The Healthy Steps to Albany program is unique because students are asked to think about the many ways they can increase their daily physical activity. With the support of their teachers and friends, students are encouraged to turn-off the television, put down the video game controller, and be physically active.
I chose to focus on middle school students for a number of reasons. It is at this age that many students are uncomfortable with their changing bodies, and studies show that children’s physical activity declines significantly during middle school. Today’s youth watch an average of 32 hours per week at a television, video game, or computer screen. This greatly exceeds the recommended limit of 1-2 hours maximum per day.
Second, having a teenage son, I quickly realized that when he said he was going to play football with his friends, he wasn’t always outside being physically active. He was often inside with a video game or watching television.
Although I started Healthy Steps to Albany in Harlem before I became First Lady, this spring we expanded the challenge to five large cities in Upstate New York —Buffalo, Rochester, Syracuse, Albany and Yonkers. Nearly 270 classes registered, and the students walked more than 1.4 billion steps while mapping their progress across New York State. In addition, students had the opportunity to earn steps by making smart food choices.
All the students benefited, but the 13 classroom teams that walked the farthest earned a number of prizes, including a visit to a local organic farm where they learned how food is grown and prepared.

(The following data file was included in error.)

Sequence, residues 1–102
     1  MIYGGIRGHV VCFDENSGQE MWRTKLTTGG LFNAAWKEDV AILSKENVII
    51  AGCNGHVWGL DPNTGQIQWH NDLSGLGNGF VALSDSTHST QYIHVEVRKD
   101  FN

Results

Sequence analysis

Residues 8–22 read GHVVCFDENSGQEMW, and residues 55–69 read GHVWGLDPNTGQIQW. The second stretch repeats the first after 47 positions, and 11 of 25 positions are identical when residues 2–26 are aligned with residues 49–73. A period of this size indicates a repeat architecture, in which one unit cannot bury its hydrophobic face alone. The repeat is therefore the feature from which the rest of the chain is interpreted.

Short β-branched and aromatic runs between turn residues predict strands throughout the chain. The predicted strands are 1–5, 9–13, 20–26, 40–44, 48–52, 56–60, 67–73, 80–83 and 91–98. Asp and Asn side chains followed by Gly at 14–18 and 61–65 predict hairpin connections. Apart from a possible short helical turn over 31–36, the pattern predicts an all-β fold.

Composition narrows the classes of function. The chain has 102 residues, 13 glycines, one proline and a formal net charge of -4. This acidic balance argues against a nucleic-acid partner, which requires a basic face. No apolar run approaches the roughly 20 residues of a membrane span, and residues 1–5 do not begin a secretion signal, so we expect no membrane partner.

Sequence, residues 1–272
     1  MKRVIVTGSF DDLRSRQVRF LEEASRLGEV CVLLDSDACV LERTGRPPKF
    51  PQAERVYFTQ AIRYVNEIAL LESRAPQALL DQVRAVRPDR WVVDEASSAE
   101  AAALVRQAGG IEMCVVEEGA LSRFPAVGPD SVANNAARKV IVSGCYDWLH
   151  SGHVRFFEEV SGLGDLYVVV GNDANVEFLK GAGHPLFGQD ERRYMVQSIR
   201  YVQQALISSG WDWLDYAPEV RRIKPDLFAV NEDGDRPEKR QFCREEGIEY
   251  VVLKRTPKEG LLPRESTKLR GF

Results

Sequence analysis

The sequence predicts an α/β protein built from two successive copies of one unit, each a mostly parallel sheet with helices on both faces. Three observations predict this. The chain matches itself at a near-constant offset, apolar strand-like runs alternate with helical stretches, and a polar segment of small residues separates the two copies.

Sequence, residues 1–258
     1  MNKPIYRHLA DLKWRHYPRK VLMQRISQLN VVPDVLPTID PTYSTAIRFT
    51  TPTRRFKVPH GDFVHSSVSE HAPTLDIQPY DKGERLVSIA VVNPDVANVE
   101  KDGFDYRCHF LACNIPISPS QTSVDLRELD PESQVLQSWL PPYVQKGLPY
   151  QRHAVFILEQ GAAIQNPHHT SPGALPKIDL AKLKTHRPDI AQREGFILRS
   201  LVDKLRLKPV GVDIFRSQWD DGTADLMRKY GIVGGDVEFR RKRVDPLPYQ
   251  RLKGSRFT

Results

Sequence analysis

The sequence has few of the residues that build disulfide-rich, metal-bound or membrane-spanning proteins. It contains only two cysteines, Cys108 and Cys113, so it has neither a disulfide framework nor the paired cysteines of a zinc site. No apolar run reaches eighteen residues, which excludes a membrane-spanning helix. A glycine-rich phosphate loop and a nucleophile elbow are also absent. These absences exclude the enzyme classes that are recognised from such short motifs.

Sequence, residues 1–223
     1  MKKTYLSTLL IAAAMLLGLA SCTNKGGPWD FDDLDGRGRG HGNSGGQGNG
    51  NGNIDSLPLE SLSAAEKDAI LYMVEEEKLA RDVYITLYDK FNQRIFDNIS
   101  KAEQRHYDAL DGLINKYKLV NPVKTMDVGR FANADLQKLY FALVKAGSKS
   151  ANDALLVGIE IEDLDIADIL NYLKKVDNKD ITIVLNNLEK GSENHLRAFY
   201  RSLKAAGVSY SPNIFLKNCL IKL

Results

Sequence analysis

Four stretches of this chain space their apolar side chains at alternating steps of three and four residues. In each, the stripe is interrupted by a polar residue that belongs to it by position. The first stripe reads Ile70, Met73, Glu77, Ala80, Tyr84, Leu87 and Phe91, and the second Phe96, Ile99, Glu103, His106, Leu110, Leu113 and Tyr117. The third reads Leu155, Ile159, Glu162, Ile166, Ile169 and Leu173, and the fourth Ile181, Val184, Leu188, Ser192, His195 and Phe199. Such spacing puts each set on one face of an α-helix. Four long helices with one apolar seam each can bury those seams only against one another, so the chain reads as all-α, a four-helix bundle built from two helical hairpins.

After meeting many of these young people and listening to their experiences, I can tell you this program is a success. Tomorrow, the Governor and I will be in Buffalo to share a healthy lunch and present awards to the Buffalo and Rochester winners.
When I took the students from Harlem to a farm last year, I realized how far our urban youth are from the sources of their food. One student told me she didn’t realize that cheese came from cows – she just thought it came from the grocery store. Another student never made the connection between potatoes and potato chips. If students do not understand the origins of the food they eat every day, they cannot understand what they are putting into their bodies.
The good news is that we can get our young people, their teachers and parents excited about walking and being physically active, but we need to help them stay active and to ensure that the school environments and neighborhoods promote healthy behaviors.
Students learn not only in the classroom but also in the cafeteria, the halls, the gym, the school yard and their neighborhoods. They learn from teachers, parents, classmates and neighbors. They learn what they see.
And too often, in too many schools, students see high-calorie, low-nutrient foods and beverages, which is often coupled with aggressive marketing and advertising.
New York State has made a significant investment to improve the school nutrition environment, as well as after-school programs and child daycare settings. Healthcare providers and insurers continue to work with employers, agriculture organizations, farmers and community groups to help prevent childhood obesity.
New York’s state and local health departments, partners, parents and concerned citizens continue to work with schools to set nutrition standards and limit the sale of low-nutrient, high-calorie foods and beverages. More than 1,000 schools in New York have already implemented improved comprehensive wellness policies, enhanced nutrition standards for meals and snacks, and increased the time for physical activity.